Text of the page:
Humanity’s first known working toilet was said to have been owned by King Minos of Crete over 2,800 years ago. This invention was lost until one was recreated for Queen Elizabeth in 1594. The idea of the toilet was not yet ready for the world, so the invention was forgotten about for another 200 years.
The popularity of toilets caught on again with the establishment of America. Outhouses became common and the idea of putting a toilet inside of a home was considered. The first hotel to have indoor plumbing was constructed by Isaiah Rogers in 1829 in Boston, Massachusetts.
Rogers continued to impress the public with his skills by building an even larger hotel with indoor plumbing. He had even engineered it so that some of the bathrooms were on the upper levels. He worked among the likes of Solomon Willard, who had created the first system of central heating in America. Architectural breakthroughs were taking off with these two.
The first sewer systems were crafted using wooden pipes made from logs and depended on gravity to help water flow. As one can guess, this system was not very efficient. Stagnation of water was common and with that came infestation of insects and disease.
Cast iron pipes began to be used in the early 1800s. Philadelphia was the first American city to use this type of material in its waterways. Cast iron pipes transitioned into plain or tin-lined lead pipes, then on all the way to stainless steel. This development lead people to want bathrooms that were more and more lavish.
With all of these creations came the need for regulations. After the Civil War, it was discovered that water played a large part in the transportation of diseases. Further research and studies were conducted that showed how important it was to maintain the quality of American waterways.
The world placed the English Public Health Code of 1848 the standard. The New York Metropolitan Board of Health followed. The board developed the Metropolitan Health Law that was known to be the most expansive health legislation ever created.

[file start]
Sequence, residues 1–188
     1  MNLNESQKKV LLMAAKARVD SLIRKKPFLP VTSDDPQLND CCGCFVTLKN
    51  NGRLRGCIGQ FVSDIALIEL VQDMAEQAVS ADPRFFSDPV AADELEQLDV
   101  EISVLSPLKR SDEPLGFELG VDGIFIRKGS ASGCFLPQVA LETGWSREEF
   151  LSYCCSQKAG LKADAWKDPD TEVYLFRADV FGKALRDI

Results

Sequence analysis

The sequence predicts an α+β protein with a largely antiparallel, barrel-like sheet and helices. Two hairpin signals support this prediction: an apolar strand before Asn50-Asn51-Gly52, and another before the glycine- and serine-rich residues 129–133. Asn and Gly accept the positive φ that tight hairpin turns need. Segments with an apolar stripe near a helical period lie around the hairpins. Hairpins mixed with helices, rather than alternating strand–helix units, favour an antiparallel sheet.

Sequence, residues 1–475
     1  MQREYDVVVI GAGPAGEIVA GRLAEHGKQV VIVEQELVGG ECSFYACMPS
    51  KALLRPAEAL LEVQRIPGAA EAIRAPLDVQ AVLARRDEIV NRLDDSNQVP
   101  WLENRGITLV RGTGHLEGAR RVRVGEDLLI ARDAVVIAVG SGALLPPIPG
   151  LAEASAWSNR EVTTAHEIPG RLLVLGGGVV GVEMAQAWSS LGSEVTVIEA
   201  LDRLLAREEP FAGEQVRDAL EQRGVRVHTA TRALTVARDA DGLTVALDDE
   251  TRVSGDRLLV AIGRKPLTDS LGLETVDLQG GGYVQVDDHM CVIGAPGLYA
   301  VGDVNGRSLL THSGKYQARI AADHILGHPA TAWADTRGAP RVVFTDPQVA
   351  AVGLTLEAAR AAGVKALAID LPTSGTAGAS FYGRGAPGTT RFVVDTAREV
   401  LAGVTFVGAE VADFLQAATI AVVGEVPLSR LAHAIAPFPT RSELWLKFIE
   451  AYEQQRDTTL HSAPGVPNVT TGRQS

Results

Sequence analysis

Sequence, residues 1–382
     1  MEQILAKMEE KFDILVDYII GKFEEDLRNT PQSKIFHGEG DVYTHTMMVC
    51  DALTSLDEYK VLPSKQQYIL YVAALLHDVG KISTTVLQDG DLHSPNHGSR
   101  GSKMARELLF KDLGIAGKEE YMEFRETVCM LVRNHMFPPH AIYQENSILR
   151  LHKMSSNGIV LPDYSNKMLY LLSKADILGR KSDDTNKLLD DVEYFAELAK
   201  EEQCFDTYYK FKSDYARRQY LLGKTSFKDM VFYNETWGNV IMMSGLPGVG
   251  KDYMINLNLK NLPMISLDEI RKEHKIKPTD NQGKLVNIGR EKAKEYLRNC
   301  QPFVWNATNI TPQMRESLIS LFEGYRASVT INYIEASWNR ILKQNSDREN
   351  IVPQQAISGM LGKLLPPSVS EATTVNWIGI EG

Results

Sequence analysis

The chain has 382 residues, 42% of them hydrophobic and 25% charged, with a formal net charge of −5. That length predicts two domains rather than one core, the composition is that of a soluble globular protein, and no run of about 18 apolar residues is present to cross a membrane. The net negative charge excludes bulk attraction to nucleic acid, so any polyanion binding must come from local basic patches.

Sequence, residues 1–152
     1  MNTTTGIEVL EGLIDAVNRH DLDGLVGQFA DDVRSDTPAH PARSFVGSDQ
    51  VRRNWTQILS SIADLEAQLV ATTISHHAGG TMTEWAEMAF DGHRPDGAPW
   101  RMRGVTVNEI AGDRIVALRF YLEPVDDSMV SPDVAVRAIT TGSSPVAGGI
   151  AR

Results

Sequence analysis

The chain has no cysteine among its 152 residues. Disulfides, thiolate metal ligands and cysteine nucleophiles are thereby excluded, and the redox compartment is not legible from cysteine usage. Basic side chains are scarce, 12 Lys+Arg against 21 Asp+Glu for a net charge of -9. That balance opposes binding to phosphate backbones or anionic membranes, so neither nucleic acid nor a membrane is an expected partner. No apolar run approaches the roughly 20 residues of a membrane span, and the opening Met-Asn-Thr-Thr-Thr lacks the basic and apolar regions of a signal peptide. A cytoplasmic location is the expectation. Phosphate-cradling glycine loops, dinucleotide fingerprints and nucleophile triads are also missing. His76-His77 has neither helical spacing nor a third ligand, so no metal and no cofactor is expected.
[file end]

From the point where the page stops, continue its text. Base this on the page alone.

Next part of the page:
Plumbing became a booming field of work. New trade associations were formed to keep up with the plumbing demand and keep the quality of the industry in check. America’s first associations include the National Association of PHCC, the Mechanical Contractors Association of America, the American Society of Heating, Refrigerating and Air Conditioning Engineers and the American Society of Sanitary Engineering.
In the 1920’s industrialization began to take over America and by the 1930’s 20 percent of the labor force was in manufacturing even with the lack of work from the Great Depression. Industrialization allowed workers with limited skills to leverage their experience on higher paying assembly lines which caused a boom in the trade industry. In 1938 the Congress of Industrial Organizations was established and started the rise of unions within the industrial economy. Most unions started requiring tradesmen to be licensed through their organizations to maintain fair working conditions. This was before trade school and exams became a big initiative.
By the 1970’s the trade industry was becoming more competitive and less reputable which caused a spiral in the economy and the boom of trade schools. Trade schools began popping up all over the United States and around the country allowing an outlet for young adults to become certified in a reputable trades career.
As trade schools began popping up, the competitive nature of education began to rise. To this day anyone can start a trade school. In fact, many popular trade schools are for profit. It is important to do your research when applying to trade schools. Many schools are great but there are a few that may not have the student’s best interest at heart. Here is a good Forbes article to start your research. We also have some great information on trade school in our blog posts.
Trade schools and education companies began developing exams to require contractors and tradesmen to become licensed. The idea was the license would protect the worker and the customer. To this day many contractors and trades workers must be licensed in their field by state regulations.
In 2015 the U.S. Bureau of Labor Statistics showed that 68% of high school students attend college. That means over 30% graduate with neither academic nor job skills.
A few decades ago public schools provided opportunities for students to learn about careers in trades but today students barely know that these opportunities not only exist but are extremely under employed and therefore pay well (some positions more than an entry level job with a bachelor’s degree). The trade industry has had a skills gap for the last few years and still needs many jobs filled. The trades need to make a comeback and getting your license is the first step to a great and fulfilling career!
PHCEid.org is an advocate for the Plumbing, Heating, Cooling and Electrical contractor to properly identify their licensed status for public awareness. Professional Contractors have the license or certification to work in homes and businesses. Without the proper certification and licensing to become a skilled trades professional, it compromises the integrity the trade industry. The contractors listed on the PHCEid.org website are licensed or certified according to the codes and laws set forth by each governing state and/or entity. Licensed Contractors work in compliance with local and state codes set forth by their governing trade industry board. Get more information at PHCEid.org or call 844-954-2367 today!